With two wild Atlantic-facing coastlines and nearly 200 beaches, it’s no wonder that Cornwall is renowned for its surfing. People have been riding the waves in this county since the 1930s, but surf culture really began here in the sixties when four young Australians came to Newquay with their fibreglass performance boards. Everyone wanted to have a go - and the rest is history! Nowadays there are some 90,000 surfers in Cornwall, and for good reason. It’s a unique activity that encompasses time in nature, fun, exercise, exhilaration, mindfulness, and a strong sense of community - not to mention satisfaction in progression and a greater appreciation for our oceans and our impact on them.
If you’re a beginner, Cornwall is a great place to learn to surf. There are so many stunning beaches to choose from, with breaks that are suitable for mixed abilities and beginners, especially in the summer when the swell is typically smaller and the water temperature is more comfortable (although you’ll need a wetsuit all year round).
There are plenty of friendly surf schools in Cornwall too. It’s a good idea to have some lessons before you get started, not only to learn the technique (it can be tricky to master!) but also because it’s hugely important that you understand water safety.
In this blog, we’ve pulled together a selection of Cornwall’s top surf spots for beginners, as well as where to have lessons and hire boards and equipment. We’ve included a little information about other things to do on or near the beaches too, so you can make a day of adventuring and exploring the Cornish coast.
If you want to make the most of learning the surf, why not browse our collection of hideaways across the county. Offering the perfect base to return to with your salt kissed skin, our hideaways are idyllic for all adventure seekers. Take a look at our Cornish glamping accomodation here.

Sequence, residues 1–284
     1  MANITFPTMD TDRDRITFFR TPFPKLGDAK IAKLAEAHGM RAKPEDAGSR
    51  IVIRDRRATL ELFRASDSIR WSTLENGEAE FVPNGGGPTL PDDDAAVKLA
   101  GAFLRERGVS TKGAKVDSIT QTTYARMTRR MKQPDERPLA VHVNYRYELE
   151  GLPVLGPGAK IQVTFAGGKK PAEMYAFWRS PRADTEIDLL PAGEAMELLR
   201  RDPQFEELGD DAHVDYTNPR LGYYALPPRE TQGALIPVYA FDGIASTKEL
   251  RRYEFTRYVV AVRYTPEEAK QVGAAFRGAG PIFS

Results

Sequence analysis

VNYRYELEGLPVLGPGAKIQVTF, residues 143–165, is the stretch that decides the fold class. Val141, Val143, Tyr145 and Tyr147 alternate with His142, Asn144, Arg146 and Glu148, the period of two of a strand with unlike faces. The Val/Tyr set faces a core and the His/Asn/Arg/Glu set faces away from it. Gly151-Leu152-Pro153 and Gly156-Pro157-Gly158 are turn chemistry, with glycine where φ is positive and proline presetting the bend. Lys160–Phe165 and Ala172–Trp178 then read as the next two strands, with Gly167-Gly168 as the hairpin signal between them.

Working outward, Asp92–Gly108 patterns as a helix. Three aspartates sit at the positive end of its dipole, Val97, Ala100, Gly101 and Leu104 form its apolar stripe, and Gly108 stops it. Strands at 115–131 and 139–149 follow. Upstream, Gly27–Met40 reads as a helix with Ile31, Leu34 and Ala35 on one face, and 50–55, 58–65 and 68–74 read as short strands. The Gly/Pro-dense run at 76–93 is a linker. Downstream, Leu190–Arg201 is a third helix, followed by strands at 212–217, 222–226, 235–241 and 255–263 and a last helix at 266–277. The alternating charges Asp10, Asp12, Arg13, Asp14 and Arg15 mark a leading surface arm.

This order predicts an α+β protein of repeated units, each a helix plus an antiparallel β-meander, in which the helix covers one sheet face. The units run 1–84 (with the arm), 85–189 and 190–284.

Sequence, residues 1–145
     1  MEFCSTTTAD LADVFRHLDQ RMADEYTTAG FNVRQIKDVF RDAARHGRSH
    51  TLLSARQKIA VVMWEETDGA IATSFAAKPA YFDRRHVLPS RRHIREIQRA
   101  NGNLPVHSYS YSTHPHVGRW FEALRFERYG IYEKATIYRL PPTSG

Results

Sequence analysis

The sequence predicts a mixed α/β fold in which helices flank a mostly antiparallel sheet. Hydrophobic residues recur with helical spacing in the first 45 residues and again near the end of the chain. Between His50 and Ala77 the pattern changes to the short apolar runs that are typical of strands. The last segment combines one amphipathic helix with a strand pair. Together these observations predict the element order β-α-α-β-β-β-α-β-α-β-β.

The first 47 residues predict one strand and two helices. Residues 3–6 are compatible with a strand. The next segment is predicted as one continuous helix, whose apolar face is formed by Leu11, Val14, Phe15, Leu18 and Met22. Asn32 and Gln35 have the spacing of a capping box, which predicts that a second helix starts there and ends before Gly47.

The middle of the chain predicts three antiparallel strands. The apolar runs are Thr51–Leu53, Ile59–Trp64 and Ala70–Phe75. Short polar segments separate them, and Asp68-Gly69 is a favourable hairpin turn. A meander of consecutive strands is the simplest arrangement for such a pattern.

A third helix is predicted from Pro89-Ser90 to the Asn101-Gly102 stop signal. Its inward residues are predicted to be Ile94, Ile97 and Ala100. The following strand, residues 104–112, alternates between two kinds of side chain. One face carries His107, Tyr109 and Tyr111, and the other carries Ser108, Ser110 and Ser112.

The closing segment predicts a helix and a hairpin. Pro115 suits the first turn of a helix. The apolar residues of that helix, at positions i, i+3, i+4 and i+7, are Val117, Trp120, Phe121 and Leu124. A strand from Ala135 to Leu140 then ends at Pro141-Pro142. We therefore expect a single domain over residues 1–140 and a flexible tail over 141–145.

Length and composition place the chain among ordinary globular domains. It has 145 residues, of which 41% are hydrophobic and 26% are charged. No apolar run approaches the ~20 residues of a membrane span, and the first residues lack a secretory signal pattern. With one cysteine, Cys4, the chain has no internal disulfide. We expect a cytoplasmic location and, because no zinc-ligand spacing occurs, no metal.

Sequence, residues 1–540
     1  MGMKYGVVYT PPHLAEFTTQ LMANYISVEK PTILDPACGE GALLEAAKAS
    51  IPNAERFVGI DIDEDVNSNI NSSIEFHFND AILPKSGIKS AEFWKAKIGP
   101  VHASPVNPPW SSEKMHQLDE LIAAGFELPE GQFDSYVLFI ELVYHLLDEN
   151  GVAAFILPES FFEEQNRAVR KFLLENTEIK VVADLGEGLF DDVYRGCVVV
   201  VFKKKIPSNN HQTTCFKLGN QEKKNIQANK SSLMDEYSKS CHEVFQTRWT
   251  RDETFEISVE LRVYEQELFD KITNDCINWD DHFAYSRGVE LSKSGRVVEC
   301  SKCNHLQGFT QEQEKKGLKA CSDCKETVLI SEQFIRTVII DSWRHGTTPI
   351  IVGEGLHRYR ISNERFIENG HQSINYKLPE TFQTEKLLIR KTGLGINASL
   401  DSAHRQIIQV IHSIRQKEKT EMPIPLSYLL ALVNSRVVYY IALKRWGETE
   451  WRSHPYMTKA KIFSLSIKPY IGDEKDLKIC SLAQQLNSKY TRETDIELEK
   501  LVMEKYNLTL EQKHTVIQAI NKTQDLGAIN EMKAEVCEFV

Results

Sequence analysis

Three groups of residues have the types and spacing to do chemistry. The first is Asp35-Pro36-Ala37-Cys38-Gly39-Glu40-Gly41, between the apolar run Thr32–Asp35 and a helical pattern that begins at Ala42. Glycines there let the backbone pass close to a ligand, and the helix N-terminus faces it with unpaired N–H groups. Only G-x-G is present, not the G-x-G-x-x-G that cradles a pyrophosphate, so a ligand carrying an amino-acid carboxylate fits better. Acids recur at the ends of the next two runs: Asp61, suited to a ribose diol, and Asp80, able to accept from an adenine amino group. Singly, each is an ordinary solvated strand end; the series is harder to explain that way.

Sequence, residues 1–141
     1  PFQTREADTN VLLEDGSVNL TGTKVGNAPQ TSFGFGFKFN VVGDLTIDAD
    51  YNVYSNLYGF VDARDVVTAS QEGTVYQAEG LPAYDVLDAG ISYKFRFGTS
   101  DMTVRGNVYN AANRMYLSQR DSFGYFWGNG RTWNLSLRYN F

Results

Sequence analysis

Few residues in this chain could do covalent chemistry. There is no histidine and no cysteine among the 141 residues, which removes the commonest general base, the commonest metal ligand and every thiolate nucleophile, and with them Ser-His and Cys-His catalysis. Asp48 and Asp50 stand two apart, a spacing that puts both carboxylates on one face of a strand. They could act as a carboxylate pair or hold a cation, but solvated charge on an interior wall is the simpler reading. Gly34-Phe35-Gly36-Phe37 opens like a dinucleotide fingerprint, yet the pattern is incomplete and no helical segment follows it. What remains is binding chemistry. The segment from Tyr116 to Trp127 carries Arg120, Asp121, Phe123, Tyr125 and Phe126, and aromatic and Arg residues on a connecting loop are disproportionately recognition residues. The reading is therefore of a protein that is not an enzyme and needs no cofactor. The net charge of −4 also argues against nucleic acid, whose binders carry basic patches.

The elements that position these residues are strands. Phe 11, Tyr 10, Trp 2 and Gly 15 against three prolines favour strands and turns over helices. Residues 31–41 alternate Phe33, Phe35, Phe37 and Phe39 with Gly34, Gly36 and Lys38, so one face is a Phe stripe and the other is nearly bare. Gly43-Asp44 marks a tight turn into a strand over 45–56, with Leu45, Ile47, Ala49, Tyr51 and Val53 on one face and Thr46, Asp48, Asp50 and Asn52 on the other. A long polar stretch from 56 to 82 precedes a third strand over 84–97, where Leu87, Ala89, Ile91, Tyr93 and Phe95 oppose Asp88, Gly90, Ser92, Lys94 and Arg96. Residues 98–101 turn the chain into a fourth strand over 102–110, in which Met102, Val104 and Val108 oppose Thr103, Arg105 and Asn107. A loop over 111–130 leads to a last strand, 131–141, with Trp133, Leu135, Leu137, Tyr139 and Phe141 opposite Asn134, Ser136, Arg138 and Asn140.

This self-proclaimed surf capital of the UK has lots of golden beaches to choose from and some of the most reliable waves in Cornwall. Fistral is the most famous, and home to many surfing competitions that happen throughout the year. When the waves are good, you’ll find many of Cornwall’s best surfers in the line-up - but it’s a large beach so there’s plenty of room for learners too. The town beaches of Great Western, Towan and Tolcarne are also good spots for beginners. Fistral is lifeguarded from April to October and the town beaches from May to September.
With such a prominent surf culture it’ll come as no surprise that there are many surf schools and hire places to take your pick from in Newquay. Escape Surf School is one of the longest-running and one of the only to have two ex-professional surfers on their coaching team. For a more in-depth, all-female surf experience, take a look at Women + Waves who run surf academy weekends in Newquay throughout the year.
If you’ve got a taste for adventure there are plenty more water sports centres and places to hire there too, so you could also try your hand at coasteering, stand up paddle boarding or kayaking.
Watergate is technically still a Newquay address at just a few miles north of the town, but with such a stunning, sweeping beach and consistent waves for learning, it deserves a spotlight of its own. The big dramatic cliffs often provide shelter to offshore winds when the rest of Cornwall is blowing a gale. And unlike many other beaches, it works on most tides too. Lifeguards are on patrol from April to October.
Learners will be in good hands with Extreme Surf Academy, who are located right on the beach.
For a special treat after your surf, head to the spa at The Watergate Bay Hotel and relax your muscles in a cliff-top sauna and hot tub.
If a hot tub soak after your surf sounds like the dream, take a look at our many hidden havens with their own private tubs. Browse our hot tub hideaway collection here.
Around 10 miles south of Newquay, Perranporth is a vast expanse of sand that’s exposed to the Atlantic, so it consistently picks up the largest swell on this part of the coast. In the summer especially, this makes it a great place to learn to surf. There’s plenty of room so even on busy days you’ll have your own space to practise catching and riding the waves. The lifeguards patrol here from May to September.
Perranporth is also home to The Watering Hole, the UK’s only pub that’s quite literally on the beach. It’s the perfect place for a post-surf pint and some warming food, minutes after you’ve got out of your wetsuit. There’s often live music playing here in the evenings too if you fancy staying to enjoy an idyllic sunset.
Gwithian & Godrevy